The first case of coronavirus in Ingham County was reported more than five months ago, Feb. 20, according to the Ingham County Health Department (ICHD) digital dashboard.
That means Ingham residents have spent more than one-third of 2020 in isolation, while health professionals race to create a lasting drug treatment or vaccine to end the war with the novel respiratory illness that has knocked out both our population and our economy.
To date, the New York Times has tracked more than 3.9 million confirmed positive cases and approximately 142,000 deaths in the U.S.
According to a U.S. Census Bureau database, the population of Michigan was approximately 10 million as of July 1, 2019.
The Michigan Department of Health and Human Services (MDHHS) has performed more than 1.5 million viral, or diagnostic, and approximately 200,000 antibody, or serology, tests, tracking approximately 83,000 cases and 6,400 deaths — these numbers include both confirmed and probable aspects.
Scaling inward, ICHD has tracked approximately 1,200 confirmed positive cases and 29 deaths. While the case count grows each day, ICHD Health Officer Linda Vail said in media briefing July 14 that the death count has been stable since about June 10.
As expected with COVID-19’s caliber, things were on a steady incline between the months of March and June in Ingham County.
In an older version of the map by COVID Act Now, Michigan was even shown as one of only two states on track for a real and effective containment.
Nevertheless, when executive orders loosened restrictions and the antsy public found a bit more freedom, an outbreak occurred at Harper’s Restaurant and Brewpub, warranting a major spike in cases and ultimately relaunching the high-risk state of emergency until Aug. 11.
Vail said in a press release July 15 that while numbers are on the downward trend once again, every day is just as unpredictable and unprecedented as the last.
The county has since seen localized directives that target and cut off restaurant capacity at 50%, or 125 patrons, to reduce the chances of an incident like Harper’s from happening again.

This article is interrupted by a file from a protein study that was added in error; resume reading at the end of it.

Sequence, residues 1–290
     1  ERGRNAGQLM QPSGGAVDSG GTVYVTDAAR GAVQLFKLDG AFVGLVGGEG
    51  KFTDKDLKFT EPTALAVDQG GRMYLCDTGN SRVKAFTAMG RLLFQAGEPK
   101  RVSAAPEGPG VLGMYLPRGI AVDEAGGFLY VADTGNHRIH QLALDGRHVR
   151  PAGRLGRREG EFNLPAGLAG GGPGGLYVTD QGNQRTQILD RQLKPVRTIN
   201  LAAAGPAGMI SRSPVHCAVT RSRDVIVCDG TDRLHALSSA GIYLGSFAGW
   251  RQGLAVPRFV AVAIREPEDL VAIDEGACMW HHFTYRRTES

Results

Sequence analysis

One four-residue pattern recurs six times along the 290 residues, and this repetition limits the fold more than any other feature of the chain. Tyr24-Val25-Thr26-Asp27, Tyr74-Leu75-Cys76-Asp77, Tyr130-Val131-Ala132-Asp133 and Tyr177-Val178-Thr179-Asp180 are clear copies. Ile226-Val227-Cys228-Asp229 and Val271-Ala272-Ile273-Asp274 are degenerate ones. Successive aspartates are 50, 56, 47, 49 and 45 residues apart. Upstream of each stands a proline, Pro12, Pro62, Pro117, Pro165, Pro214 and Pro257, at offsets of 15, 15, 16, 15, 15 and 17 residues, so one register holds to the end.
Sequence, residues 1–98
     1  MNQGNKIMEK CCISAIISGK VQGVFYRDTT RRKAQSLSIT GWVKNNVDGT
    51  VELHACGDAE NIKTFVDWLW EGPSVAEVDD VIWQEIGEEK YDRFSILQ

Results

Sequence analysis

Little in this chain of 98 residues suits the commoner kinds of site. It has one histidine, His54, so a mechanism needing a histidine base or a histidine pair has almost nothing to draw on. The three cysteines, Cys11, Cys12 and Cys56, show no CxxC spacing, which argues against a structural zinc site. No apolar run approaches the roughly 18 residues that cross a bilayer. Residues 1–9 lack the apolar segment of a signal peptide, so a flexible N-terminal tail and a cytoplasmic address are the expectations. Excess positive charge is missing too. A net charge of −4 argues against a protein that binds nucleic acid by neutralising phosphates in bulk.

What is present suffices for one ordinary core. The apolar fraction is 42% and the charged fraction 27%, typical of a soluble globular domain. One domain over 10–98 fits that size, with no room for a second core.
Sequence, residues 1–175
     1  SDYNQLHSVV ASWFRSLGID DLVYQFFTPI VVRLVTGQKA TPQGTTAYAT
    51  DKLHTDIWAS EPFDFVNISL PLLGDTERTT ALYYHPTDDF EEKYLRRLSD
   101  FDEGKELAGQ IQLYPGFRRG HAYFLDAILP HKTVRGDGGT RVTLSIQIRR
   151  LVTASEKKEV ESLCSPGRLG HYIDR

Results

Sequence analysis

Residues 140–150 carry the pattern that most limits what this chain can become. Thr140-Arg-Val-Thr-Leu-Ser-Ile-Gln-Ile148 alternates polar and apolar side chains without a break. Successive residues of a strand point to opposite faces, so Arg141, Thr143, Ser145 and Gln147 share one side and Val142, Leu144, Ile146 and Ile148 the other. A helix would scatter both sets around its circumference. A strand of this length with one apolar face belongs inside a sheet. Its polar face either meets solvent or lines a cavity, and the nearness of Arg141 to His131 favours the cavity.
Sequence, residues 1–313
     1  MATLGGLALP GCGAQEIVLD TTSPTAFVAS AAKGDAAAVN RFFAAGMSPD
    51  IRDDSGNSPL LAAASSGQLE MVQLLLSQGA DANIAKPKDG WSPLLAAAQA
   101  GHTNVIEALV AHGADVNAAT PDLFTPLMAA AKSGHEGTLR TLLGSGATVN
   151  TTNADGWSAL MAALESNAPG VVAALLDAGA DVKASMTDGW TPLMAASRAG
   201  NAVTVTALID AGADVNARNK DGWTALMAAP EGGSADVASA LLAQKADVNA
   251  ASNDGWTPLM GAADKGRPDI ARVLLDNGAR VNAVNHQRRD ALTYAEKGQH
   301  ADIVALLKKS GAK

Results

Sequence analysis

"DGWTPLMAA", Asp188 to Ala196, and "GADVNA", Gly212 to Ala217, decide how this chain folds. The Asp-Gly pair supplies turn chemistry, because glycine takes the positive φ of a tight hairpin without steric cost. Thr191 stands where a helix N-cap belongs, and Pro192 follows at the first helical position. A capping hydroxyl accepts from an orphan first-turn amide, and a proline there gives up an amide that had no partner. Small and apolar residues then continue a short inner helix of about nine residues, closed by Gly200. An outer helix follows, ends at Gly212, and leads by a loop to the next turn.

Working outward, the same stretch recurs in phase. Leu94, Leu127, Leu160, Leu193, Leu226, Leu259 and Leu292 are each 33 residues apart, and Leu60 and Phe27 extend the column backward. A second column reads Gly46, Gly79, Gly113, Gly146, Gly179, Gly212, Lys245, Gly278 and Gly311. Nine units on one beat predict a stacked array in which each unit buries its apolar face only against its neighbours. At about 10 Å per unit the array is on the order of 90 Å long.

Gov. Gretchen Whitmer has also begun to buckle down on her #MaskUpMichigan mandate, threatening residents who are willfully in violation with a misdemeanor and fine.
There have also seen several other outbreaks within Ingham and its surrounding counties.
Vail said the health department is getting ready to close out the Harper’s incident. With the case count has halted around 187, it’s been exactly one month since the final exposure date of June 20.
On top of that, Vail tallied 12 cases from Ingham County Jail; 21 cases spread out among Ingham (14), Clinton (5) and Eaton (2) counties from Riverfront Animal Hospital; and three cases spread out among Clinton (1), Ingham (1) and Isabella (1) counties from a Sprint store on East Edgewood Boulevard.
It’s also important to note the minor, lower-risk exposures that took place on a handful of CATA bus routes and at HopCat bar and restaurant. Vail said, at this time, they have not heard word of any connected community cases from these incidents, though contact tracing investigations and closures for deep cleaning are ongoing.
Breaking down COVID-19 statistics
The ICHD website has broken down the cumulative overview into smaller, demographically-centered numbers and percentages.
According to another U.S. Census Bureau database, the population of Ingham County was approximately 292,000 as of July 1, 2019:
- 75.6% identified as white
- 12.4% identified Black or African American
- 7% identified as Asian
- 0.6% identified American Indian and Alaska Native
- 0.1% identified Native Hawaiian or other Pacific Islander
- 8% identified as Hispanic or Latinos
- 4.2% are two or more races
Of that, the individuals infected with COVID-19 are:
- 54% white
- 25% Black or African American
- 10% Asian
- 11% are other than or unknown
- 5.5% are under the age of 5
- 19.7% are under the age of 18
- 13.9% are under the age of 65
Additionally, 31% of the individuals infected with COVID-19 are between the ages of 20-29 — 12% of the individuals are younger and 57% are older than this median.
Similarly, 9.9% of residents were found to be under the age of 65 with a disability between 2014-2018 and 6.3% are found to be under the age of 65 without health insurance.
In terms of sex, the individuals with COVID are split nearly 50/50, give or take a few cases:
Out of Ingham County’s 25 zip codes, the 48911 area has the highest range of individuals infected with COVID-19, resting between 281 and 290.
Other zip codes and their case ranges include:
- 1-10: 48819, 48827, 48933, 49251, 49264, 49285
48821, 48825, 48872 are listed as 0.
The status of patients changes daily. On July 21, of the population:
- 827 (66%) have recovered
- 401 (32%) are at home under monitoring
- 29 (2%) have died
- 1 (0%) are hospitalized, 0 are in the intensive care unit (ICU)
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